If you’re the kind of guy who doesn’t get all bronzed from your usual daily exposure to the sun, worry not – you have options! Self-tanners may be found amidst beauty products for women, but if you want to get a nice bronze glow sans the cancer risk, they are definitely a legitimate option…and your best secret yet.
The DHA (dihydroxyacetone, or “glycerone”) found in most self-tanners reacts with the dead layer of the skin, causing it to brown and “tan”, all without harmful UV rays. Some self-tanners contain sunscreen, some don’t. Either way, since you’re already getting a (fake) tan, stay out of the sun: DHA application makes your skin more sensitive to UV rays and increases your risk of sunburn. The best time to self-tan, therefore, is at night – leave yourself between a half-hour to two hours before bedtime. Now that we’ve got that squared away, how to go about getting that natural-looking (fake) tan on, and with what?
1. Pick the right shade.
The gold standard of self-tanning is how natural it looks. Unless you’re trying to pass off as a competitive tennis player, chances are you’ll be best served with a tan two or three shades darker than your current skin tone. If in doubt, get one that’s the closest to your skin tone – you can always repeat the self-tan to get it darker.
Especially the parts of your skin you want to self-tan. Unless you’re planning to get seen naked at some point, you really only need to self-tan the parts of your skin that will be seen. Exfoliating gets rid of dead skin that can cause bumps, creases and uneven coloring to ensure a flawless, natural look. Pay special attention to your knees, elbows, ankles, and anywhere you know you have dry skin. Best way to get this right is to use a loofah or a sponge. Just make sure you’re completely dry before going on to the next step. Smooth and Renew Body Loofah Mitt, The Body Shop, GBP6.
3. Wear gloves.
Using bare hands to self-tan means weirdly orange palms. Get yourself some tight-fitting, disposable rubber gloves and use them whenever you’re handling self-tan liquids.
4. Follow the dosage instructions.
If you’re using a mousse, two pumps are generally more than enough for each major body area (e.g. chest, arms, stomach, thighs, legs). For gels or creams, start with a quarter sized amount and add more if you need. If the gel doesn’t absorb, you’re using too much. To be safe, use less on areas with uneven skin such as the knees and elbows.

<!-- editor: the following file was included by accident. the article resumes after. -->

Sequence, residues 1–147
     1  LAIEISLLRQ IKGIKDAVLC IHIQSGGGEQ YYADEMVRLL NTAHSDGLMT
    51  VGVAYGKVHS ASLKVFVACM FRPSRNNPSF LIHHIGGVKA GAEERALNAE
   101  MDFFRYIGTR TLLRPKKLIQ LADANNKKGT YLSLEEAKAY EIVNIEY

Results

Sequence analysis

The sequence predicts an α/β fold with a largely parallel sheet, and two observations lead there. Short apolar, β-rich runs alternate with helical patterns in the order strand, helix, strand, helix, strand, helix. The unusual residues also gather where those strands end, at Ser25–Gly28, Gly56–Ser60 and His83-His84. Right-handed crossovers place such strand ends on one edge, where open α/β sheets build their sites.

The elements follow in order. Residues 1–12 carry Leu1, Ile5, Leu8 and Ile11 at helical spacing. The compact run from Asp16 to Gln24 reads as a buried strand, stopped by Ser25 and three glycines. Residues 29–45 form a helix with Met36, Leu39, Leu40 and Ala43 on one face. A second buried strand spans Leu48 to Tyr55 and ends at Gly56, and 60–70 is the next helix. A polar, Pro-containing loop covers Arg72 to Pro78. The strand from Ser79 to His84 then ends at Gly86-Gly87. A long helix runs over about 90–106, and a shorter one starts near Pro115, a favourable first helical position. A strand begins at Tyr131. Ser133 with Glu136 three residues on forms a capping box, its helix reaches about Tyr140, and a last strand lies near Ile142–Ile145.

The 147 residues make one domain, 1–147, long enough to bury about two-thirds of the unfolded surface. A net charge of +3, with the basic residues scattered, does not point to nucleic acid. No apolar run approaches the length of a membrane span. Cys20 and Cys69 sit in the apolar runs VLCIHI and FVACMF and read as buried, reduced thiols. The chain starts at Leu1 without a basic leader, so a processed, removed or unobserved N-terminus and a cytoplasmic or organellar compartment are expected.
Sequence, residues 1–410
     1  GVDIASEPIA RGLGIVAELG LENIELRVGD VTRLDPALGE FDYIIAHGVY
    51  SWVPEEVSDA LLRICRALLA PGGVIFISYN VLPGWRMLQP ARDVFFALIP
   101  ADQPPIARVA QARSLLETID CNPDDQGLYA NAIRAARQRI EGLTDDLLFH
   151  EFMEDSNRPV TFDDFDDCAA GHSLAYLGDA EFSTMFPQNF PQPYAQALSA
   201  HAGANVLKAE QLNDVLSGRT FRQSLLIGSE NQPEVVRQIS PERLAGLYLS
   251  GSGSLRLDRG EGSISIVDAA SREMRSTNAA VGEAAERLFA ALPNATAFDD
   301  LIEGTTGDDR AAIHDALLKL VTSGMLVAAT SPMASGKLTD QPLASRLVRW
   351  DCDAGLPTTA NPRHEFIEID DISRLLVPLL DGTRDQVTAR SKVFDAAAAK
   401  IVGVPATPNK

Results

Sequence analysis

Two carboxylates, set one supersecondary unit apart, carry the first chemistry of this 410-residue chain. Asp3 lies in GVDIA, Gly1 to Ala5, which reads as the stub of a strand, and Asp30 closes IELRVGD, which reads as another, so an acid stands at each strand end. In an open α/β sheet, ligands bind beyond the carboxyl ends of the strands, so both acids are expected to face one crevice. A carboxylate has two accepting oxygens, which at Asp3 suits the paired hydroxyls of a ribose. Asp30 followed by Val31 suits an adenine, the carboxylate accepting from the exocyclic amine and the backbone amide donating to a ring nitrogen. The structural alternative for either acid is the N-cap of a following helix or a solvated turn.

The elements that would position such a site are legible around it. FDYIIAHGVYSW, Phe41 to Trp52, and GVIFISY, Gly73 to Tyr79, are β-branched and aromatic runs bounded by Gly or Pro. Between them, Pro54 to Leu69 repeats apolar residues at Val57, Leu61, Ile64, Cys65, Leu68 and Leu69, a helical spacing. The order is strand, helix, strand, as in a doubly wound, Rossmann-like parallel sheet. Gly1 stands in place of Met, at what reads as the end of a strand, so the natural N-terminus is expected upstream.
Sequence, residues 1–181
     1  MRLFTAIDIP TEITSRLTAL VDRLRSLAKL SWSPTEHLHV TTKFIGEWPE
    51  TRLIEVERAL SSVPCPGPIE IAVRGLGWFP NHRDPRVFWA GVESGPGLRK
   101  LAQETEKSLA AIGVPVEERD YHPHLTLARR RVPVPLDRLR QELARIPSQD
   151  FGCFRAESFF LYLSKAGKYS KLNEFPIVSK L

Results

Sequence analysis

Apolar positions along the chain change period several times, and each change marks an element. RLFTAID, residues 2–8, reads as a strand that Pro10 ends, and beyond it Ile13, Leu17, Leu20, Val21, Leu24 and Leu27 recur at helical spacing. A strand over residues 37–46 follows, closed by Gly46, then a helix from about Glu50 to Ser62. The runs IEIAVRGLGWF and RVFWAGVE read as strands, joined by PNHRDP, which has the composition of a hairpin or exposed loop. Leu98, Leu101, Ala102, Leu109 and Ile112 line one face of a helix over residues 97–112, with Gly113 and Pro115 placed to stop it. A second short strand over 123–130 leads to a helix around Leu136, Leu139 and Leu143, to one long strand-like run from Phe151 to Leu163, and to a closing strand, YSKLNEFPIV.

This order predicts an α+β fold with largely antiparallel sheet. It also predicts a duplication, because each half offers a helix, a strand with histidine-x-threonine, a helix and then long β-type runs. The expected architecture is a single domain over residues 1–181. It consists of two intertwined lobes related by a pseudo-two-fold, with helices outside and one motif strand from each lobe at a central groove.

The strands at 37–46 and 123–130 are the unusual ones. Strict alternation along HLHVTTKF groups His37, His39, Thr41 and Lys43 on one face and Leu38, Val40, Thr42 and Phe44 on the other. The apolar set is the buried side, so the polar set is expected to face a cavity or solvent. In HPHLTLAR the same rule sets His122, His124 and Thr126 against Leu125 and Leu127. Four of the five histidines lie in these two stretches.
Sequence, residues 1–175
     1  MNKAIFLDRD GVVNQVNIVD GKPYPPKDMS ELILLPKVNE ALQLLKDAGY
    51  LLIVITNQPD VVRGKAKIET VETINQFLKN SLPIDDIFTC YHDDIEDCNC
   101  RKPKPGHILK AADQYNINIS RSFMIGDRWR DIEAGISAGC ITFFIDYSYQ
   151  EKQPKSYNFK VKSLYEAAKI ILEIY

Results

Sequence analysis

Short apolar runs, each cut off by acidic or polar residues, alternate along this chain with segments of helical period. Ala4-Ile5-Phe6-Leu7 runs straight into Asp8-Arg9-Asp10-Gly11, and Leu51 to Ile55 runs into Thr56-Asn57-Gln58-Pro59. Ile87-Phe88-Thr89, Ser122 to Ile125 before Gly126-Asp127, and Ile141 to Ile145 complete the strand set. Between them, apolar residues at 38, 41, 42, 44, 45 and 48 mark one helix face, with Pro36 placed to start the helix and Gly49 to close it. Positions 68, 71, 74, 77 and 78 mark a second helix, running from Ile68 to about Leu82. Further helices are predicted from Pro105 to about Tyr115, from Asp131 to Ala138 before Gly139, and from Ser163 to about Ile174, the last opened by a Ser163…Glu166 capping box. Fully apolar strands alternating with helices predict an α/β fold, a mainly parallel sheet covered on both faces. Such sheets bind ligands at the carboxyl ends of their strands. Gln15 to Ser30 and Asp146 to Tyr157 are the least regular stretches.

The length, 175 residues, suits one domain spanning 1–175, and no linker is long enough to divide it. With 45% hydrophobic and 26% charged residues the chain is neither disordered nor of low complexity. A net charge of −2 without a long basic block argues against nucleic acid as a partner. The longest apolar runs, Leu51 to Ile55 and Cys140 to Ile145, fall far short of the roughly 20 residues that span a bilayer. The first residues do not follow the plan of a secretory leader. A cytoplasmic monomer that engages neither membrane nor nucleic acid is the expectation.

5. If you were in the sun…
…where on your body would have more color, and where less? Our underarms generally tan less, and obviously our soles and palms don’t get any color at all. Don’t forget to tan your neck, and after applying the self-tanner from bottom to top, finish off by tanning the back of your hands.
Andy Murray’s great at tennis, not so great at tanning. Avoid this pattern, please. Source: Express.co.uk.
6. The face needs special care.
While some products tout they can be used from head to toe, be careful to always use a formulation made specially for the face. Not only is the skin on your face thinner and more sensitive to chemicals, any mistakes made on your face is instantly visible. Therefore, we recommend a fuss-free self-tanning wipe/towelette. If you would rather use the same product you used for your body, start with a very small amount, let dry, and reapply if necessary.
7. Don’t touch anything…
Until you’re completely dry. Not because it will stain your sheets, but because you don’t want to accidentally wipe parts of the product off and end up splotchy. Depending on the tanner, this may take between fifteen to thirty minutes. Some tanners require a longer time to set in, and some even have a sliding scale for how long to keep it on that corresponds with the depth of the tan. Follow the instructions on your self-tanner to ensure the best results.
Spray tans aren’t always such a good idea, as Ross demonstrates. Source: Friends, NBC.
8. I’m lazy. Spray tan?
While a spray-tan salon employs the same formulation on your body as you would self-tanning, one thing is different – the product is aerosolized into a spray. This means a much higher chance of breathing in chemicals. What with our city air being so polluted already, you wouldn’t need to expose your poor lungs to more stress. But if you really want a tan with zero fuss, getting someone to do it for you professionally is still better than sunbathing.
Our picks for self-tanners
If you have oily skin, then this light formulation would work best for you.
Gels work fast and give you a greater measure of control over how much is used.
Great for the face, this one also boasts moisturizing properties to combat DHA’s drying effect on skin.
Truly fuss-free, this serum requires you to merely add a few drops into your moisturizer, and see your tan get deeper day by day. For the more time-starved amongst us.
Self-tanning may be a chore, but think of it this way. You don’t risk your health, and you get to do it in the comfort of your own home, at any time of the day. If I may quote from Diana Ross, no rain or winter’s cold can stop you, baby. Now go get that bronzing on.